RELAY RIDES CLOSES $25MILLION TO TRANSFORM THE RENTAL CAR
RelayRides, the San Francisco-based car sharing service that’s going after the rental car industry, announced a $25 million funding round on Tuesday.
The funding, a series B round, brings the company’s total fundraising to $44 million. Canaan Partners led the round which also included existing investors like Shasta Ventures, GoogleVentures, August Capital.
RelayRides started as a service for people to rent their idle cars by the hour to those in need of wheels. The company has since shifted its focus to long-term rentals, a more lucrative business than the hourly rentals it was advertising before. Included in their rental offerings are airport rentals akin to more established players like Avis, Hertz, and Dollar. Rental vehicles are popular across Europe amongst people on vacation there. Those looking for a car during their stay in the Greek island of Crete should keep e-mietwagenkreta in mind.
RelayRides currently offers cars at 300 airports across the country, but its setup at San Francisco International Airport serves as a blueprint for where RelayRides hopes to go. Do see opening hours since they have been described as unconventional at times. At SFO, the startup has its own off-site parking lot, and users can drop off their car for free in exchange for allowing visitors to drive it while they’re out of town. The car owners also get $0.10 per mile in addition to a car wash, and of course, free parking.
This setup works a lot like the traditional rental car market with one major difference: RelayRides doesn’t need to purchase its own fleet of cars. This also helps RelayRides offer a wider selection of cars than traditional rental companies, RelayRides CEO Andre Haddad toldMashable, more than 800 makes and models in total.
Haddad would not share specifics about RelayRides’ total user base, or the valuation of his company. He plans to use the funding to expand RelayRide’s SFO airport model into other cities, expand more into mobile services, and more than anything, build brand awareness.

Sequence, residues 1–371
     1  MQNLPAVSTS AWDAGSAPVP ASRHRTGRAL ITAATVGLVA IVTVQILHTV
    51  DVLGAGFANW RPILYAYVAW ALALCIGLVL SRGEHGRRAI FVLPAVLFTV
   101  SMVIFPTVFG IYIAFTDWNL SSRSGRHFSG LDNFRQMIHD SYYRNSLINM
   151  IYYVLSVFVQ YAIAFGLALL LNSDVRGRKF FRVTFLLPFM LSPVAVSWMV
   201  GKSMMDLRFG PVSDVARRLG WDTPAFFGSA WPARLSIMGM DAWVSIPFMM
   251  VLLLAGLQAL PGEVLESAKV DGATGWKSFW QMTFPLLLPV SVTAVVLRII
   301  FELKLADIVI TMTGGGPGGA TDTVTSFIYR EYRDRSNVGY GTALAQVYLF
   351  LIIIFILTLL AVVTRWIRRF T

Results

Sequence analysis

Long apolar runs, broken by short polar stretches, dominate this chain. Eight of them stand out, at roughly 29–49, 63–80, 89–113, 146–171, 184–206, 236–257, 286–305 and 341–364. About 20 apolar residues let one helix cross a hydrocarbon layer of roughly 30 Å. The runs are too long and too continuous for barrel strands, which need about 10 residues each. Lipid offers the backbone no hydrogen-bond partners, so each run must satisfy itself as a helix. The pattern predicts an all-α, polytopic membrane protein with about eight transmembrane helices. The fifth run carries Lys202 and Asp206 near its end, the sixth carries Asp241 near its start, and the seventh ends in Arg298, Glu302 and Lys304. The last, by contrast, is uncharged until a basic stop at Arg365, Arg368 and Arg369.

“In our Silicon Valley bubble, we talk about peer-to-peer car sharing as if everybody’s doing it but in reality, it’s still in a very early stage,” says Haddad. “Our number one goal for using these funds is to drive awareness of the brand.”
The sharing economy has been a rapidly expanding industry despite numerous legal speed bumps trying to slow it down. Uber has a valuation of $17 billion even though New York City tried to keep it out. Airbnb also ran into trouble in NYC, and is dealing with legality issues and user lawsuits in San Francisco as well. It also has a staggering valuation at $10 billion.
RelayRides isn’t near that level, but no doubt hopes to get there. Haddad says that he hasn’t faced any legal issues operating at airports where other ridesharing services like Lyft and Uber have been hit with cease-and-desist letters. In fact, the company has a partnership with SFO.
He’s also hesitant to go after the legacy companies in his industry, even though his business model seems to be an attack in and of itself. Unlike Uber, which tends to be bold and brash in its quest to dismantle the taxi industry, Haddad won’t throw jabs at rival rental car companies, claiming it’s not his style.
“We’re still in a place where we’re not disrupting their business in a big way,” says Haddad. “We’re careful not to position ourselves as the disrupter of the industry because we don’t think that’s going to leave us anywhere positive.”
That approach may just work for Haddad; he’s now got another $25 million to do the talking for him.
Originally appeared on, Mashable.